Thomas’s life and career in North Carolina is only documented in Quaker meeting records, and the most important of these is his return to New Garden from Center Monthly Meeting on 29 November 1777 with his wife, their first-born child, and “an Apprentice Lad” named David Osborne (1759–1833).[24] Osborne’s family had moved to Carolina from Warrington Monthly Meeting in York County, Pennsylvania, in the early 1750s, and had been among the earliest members of Center Meeting. An orphan, Osborne lived and trained with Pierce for at least three years, until 1780, when he turned twenty-one and petitioned New Garden to return to his own extended family at Center.[25] In 1787, Osborne received from his father’s estate a 159-acre parcel of land in a deed that identified him as “David Ozbun, Cabinet Maker.”[26] This document allows us to positively identify Thomas Pierce’s own cabinetmaking trade, which he then taught his young apprentice, and qualifies David Osborne as the first native-born cabinetmaker of Guilford County.

Only three surviving furniture objects can be attributed to Thomas Pierce. The most important is a high chest on frame (Figure 11) that descended in the family of Hepzibeth Macy’s cousins, the Anthonys, and bears such a marked resemblance to Chester County work that it could only have been made by a cabinetmaker with first-hand knowledge of the form. While other North Carolina-made examples of the high-chest-on-frame form came later, this is the only one known with trifid feet, non-reeded quarter columns, and the same three-over two-over four drawer configuration that we have already seen on Virgil Eachus’s signed work (Fig. 9) from Bradford township.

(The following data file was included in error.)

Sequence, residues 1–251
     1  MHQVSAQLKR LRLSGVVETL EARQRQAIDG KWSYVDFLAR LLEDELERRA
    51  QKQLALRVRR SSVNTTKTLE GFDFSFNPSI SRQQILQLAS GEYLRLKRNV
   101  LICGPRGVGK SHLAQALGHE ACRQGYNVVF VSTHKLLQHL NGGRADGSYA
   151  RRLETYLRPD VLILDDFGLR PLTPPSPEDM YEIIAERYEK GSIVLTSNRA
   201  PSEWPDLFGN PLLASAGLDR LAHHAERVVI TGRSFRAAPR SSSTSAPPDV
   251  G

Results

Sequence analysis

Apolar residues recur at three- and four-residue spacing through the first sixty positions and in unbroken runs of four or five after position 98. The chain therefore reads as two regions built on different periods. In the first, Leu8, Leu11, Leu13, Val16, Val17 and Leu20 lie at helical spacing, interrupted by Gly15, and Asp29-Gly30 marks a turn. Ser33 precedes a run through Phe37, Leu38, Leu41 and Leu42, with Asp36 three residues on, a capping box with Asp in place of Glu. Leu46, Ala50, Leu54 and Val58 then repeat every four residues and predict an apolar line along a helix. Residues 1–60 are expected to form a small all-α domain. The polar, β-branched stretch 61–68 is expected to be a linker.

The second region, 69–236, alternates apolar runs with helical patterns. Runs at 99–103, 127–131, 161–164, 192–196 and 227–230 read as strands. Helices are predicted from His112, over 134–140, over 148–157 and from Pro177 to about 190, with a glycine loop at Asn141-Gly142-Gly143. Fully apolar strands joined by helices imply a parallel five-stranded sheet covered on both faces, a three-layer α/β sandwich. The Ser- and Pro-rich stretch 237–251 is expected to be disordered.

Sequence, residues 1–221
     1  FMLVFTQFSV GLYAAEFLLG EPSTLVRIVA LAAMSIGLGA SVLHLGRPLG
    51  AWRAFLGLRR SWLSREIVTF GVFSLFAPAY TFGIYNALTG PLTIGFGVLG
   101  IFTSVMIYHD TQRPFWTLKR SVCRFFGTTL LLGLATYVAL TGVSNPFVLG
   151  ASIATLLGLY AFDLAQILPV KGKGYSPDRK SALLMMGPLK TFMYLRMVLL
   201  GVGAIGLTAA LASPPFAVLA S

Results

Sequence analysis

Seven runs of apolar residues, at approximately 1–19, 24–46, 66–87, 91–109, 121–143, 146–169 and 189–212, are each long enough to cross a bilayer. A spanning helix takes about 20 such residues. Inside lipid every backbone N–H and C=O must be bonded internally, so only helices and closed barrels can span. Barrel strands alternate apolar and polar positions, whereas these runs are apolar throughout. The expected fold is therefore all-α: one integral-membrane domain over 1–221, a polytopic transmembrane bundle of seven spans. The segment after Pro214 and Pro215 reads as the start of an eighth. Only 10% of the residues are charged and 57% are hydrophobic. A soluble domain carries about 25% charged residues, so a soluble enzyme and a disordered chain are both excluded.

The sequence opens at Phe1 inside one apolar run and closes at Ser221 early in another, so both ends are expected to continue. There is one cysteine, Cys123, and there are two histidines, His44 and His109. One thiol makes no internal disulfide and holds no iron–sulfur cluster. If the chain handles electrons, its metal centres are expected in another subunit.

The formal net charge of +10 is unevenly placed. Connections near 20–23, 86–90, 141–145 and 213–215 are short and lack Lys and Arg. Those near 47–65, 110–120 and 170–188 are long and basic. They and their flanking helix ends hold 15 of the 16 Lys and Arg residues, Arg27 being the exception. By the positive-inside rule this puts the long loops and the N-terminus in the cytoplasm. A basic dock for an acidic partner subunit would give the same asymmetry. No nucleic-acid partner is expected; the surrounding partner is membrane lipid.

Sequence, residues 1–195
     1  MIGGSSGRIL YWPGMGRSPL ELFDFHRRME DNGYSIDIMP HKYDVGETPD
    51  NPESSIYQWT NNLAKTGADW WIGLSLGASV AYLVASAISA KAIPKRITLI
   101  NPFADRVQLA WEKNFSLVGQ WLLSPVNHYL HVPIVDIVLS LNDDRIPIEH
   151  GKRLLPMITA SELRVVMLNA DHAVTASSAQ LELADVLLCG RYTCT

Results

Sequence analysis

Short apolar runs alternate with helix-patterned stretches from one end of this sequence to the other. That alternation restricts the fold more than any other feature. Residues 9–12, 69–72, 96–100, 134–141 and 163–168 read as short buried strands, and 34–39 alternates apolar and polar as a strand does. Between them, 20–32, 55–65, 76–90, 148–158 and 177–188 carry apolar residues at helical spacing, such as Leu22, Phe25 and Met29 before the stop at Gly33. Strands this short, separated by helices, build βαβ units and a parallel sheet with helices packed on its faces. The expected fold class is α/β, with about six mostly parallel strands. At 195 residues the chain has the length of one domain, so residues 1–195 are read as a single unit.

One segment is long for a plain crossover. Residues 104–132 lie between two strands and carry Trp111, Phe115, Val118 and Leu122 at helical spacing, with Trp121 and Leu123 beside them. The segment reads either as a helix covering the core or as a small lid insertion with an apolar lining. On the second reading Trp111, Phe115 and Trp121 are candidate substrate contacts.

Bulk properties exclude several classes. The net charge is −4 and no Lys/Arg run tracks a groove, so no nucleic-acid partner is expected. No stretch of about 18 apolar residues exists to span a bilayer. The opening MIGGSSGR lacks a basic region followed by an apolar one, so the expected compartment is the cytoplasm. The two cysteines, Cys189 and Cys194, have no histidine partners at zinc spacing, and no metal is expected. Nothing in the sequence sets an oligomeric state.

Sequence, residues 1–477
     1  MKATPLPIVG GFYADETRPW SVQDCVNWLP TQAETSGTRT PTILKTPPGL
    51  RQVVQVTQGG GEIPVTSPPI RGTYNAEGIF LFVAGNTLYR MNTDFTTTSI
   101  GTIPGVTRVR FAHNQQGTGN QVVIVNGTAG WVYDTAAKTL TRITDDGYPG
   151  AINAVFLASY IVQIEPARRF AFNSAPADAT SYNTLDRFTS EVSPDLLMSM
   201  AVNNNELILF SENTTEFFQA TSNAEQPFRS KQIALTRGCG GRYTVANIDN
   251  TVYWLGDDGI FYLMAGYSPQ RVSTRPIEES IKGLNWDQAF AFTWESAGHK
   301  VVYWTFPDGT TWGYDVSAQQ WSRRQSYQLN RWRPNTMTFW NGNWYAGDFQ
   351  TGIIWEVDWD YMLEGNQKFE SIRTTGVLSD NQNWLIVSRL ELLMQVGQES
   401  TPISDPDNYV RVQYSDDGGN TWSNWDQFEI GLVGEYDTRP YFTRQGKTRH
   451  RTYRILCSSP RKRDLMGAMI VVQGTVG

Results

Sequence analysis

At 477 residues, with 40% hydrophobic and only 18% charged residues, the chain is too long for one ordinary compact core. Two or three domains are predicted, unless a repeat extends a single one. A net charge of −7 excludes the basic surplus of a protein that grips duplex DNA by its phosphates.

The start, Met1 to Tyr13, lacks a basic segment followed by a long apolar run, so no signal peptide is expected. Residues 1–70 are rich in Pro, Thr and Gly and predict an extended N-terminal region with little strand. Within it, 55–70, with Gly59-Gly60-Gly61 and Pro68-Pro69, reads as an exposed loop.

Fig. 11: High chest on frame attributed to Thomas Pierce, 1785–1795, Guilford Co., NC. Brasses replaced. Walnut with tulip poplar; HOA: 71-1/8”, WOA: 43-3/4”, DOA: 24-1/2”. Private Collection, MESDA Object Database file S-5305.

Figure 11

Like Eachus’s example, Pierce’s features at the top an elongated center drawer between two smaller side drawers; however, the scalloped shaping at the bottom of Pierce’s frame is unlike any other known Chester County example, suggesting that it was probably designed by Pierce after his arrival in North Carolina. Made of walnut with tulip poplar, the underside of the center top drawer of this piece features an important signature and date, “J. M. Anthony 26thOctober 1897.” James Milton Anthony (1834–1900) was a member of Center Monthly Meeting whose great-grandfather, James Anthony (1733–1798), had migrated from Bristol County, Massachusetts to North Carolina in the mid 1770s. James settled on Hickory Creek land that directly adjoined David Osborne’s family and was close to Thomas Pierce’s brother, Robert. After the death of James’s first wife, he married Mary (Macy) Way at Center Meeting on 26 December, 1776. Upon his own death, James left the Hickory Creek property to his son Obed Anthony (d.1836) and his land on nearby Polecat Creek to his son Jonathan Anthony (1767–1842). When Jonathan died, his probate inventory listed this piece as the “one Stand of Drawers” that was purchased by his son, Jonathan G. Anthony (1812–1882), James Milton Anthony’s father.

While the Anthony and Macy families were closely related and may have been proud of their New England heritage, it cannot be denied that this high chest on frame traces its lineage to Chester County, Pennsylvania. Although they were made more than four hundred miles apart, due to Thomas Pierce’s Quaker migration pattern, we can assume that the Anthony family’s high chest on frame and Virgil Eachus’s signed and dated example of 1789 are roughly contemporary.